Diabetes is one of the most common medical conditions in Australia, affecting more than 1.7 million people. In some cases, diabetes may threaten the vision and even lead to blindness. Luckily, with good control of blood sugars and blood pressure, as well as cessation of smoking, most of these complications are avoidable. If complications do occur however, timely detection and intervention from your ophthalmologist may help to preserve your vision.
How can my diabetes affect my eyes?
Diabetes can damage the tiny blood vessels that supply the retina and other ocular structures. This results in pathological changes in the retina – termed ‘retinopathy’.
Some forms of retinopathy may result in blood vessels that leak fluid into the macula, that part of your retina which serves your central vision and allows you to perceive detail. The resultant swelling may cause vision loss. This is called macula oedema, or maculopathy.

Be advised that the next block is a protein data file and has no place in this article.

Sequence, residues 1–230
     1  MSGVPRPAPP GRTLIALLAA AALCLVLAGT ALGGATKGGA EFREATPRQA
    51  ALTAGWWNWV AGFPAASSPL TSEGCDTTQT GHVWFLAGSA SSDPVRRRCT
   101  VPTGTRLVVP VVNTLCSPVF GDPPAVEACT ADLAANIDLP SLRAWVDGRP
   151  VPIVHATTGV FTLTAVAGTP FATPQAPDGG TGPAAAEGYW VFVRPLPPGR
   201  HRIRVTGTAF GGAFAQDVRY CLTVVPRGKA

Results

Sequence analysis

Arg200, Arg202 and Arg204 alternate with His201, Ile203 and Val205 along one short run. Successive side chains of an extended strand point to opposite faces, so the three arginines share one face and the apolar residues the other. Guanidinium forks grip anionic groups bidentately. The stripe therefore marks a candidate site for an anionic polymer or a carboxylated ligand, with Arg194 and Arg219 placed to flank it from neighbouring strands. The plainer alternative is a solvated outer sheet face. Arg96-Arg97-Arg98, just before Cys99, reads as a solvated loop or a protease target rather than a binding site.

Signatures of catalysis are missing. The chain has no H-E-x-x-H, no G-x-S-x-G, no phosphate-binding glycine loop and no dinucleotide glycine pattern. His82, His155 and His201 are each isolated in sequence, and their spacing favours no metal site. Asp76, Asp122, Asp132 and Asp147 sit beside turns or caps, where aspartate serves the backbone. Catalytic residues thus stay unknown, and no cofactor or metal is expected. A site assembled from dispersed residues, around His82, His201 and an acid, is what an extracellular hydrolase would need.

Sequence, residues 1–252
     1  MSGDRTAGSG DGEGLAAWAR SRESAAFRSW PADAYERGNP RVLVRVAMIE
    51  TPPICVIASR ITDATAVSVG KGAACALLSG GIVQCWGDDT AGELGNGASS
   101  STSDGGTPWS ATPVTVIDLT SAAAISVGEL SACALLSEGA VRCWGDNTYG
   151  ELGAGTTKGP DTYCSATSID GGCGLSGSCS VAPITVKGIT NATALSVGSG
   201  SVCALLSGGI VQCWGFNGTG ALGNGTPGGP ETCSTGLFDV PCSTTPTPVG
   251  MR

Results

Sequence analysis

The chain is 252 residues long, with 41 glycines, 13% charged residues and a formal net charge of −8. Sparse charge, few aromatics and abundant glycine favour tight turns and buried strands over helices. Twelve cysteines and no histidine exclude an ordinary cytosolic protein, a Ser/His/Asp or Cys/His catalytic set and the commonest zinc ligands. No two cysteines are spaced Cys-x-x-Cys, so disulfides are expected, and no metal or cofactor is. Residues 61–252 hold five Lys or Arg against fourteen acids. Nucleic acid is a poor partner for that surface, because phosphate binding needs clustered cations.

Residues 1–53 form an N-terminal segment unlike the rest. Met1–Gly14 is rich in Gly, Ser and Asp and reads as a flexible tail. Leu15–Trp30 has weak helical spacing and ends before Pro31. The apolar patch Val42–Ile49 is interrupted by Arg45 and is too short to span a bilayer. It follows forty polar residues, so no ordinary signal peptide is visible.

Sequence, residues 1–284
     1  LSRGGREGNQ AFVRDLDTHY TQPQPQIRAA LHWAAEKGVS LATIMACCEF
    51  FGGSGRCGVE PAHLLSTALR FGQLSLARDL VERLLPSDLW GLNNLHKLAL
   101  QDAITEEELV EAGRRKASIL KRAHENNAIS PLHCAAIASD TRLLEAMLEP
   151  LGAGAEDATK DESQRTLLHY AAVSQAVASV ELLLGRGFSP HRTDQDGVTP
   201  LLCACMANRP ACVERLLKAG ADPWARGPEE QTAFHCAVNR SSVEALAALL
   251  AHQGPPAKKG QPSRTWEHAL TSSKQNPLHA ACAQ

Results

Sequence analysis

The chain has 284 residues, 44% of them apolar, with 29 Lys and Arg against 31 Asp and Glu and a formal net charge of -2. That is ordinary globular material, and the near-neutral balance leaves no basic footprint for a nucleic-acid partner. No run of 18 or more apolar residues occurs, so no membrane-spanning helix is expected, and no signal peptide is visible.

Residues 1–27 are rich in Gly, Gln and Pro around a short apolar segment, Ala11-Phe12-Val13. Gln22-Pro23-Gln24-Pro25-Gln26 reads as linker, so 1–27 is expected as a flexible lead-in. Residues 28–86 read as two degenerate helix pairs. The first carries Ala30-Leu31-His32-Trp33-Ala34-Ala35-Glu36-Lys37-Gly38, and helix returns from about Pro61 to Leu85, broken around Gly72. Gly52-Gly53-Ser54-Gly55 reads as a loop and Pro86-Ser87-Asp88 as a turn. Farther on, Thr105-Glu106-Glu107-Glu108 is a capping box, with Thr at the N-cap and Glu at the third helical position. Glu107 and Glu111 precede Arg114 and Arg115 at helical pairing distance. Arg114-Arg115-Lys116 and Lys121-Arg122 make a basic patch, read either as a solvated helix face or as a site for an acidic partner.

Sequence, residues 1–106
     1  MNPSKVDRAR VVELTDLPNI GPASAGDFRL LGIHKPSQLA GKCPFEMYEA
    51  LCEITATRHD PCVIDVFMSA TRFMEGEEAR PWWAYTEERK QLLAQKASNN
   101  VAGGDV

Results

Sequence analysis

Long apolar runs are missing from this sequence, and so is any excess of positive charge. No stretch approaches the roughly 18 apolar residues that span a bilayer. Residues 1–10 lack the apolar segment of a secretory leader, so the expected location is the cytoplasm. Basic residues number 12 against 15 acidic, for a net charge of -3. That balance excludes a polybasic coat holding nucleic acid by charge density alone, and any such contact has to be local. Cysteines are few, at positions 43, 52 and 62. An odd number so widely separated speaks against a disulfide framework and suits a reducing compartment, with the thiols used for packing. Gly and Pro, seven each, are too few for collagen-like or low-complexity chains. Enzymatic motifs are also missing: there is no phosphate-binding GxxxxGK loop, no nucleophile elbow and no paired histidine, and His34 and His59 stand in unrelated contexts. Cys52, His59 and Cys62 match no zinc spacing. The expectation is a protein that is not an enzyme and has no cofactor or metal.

If the blood supply to parts of the retina is severely impaired by damage to blood vessels, the eye may respond by forming fragile tufts of new blood vessels – called neovascularisation. These vessels may bleed with associated vision loss, or in severe cases form scar tissue which contracts and may cause retinal detachment.
What treatments are available?
This depends upon your particular condition, but may include laser, injections of various drugs into the eye, or in the most severe cases surgery may be required.
Most important of all in managing diabetes complications is ensuring that your blood sugars are controlled as tightly as possible. Close control of other risk factors for retinopathy such as high blood pressure and smoking is also required.
In our practice, Dr Luckie specializes in the medical and surgical management of diabetic retinopathy. Dr Heery, Dr Moodie and Dr Arnold specialise in the medical management of diabetic retinopathy. All of our doctors are closely involved in regular screening of diabetic patients.